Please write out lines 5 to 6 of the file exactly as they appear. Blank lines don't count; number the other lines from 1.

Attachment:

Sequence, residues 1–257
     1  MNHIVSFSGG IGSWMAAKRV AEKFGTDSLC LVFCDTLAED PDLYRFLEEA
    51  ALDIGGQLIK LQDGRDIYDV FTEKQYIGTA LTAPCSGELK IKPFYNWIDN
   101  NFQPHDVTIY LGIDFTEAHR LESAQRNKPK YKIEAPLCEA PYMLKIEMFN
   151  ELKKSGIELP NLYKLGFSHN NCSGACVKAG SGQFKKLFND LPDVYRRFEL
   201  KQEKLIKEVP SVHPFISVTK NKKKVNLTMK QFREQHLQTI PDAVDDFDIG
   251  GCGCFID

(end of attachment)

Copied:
   151  ELKKSGIELP NLYKLGFSHN NCSGACVKAG SGQFKKLFND LPDVYRRFEL
   201  KQEKLIKEVP SVHPFISVTK NKKKVNLTMK QFREQHLQTI PDAVDDFDIG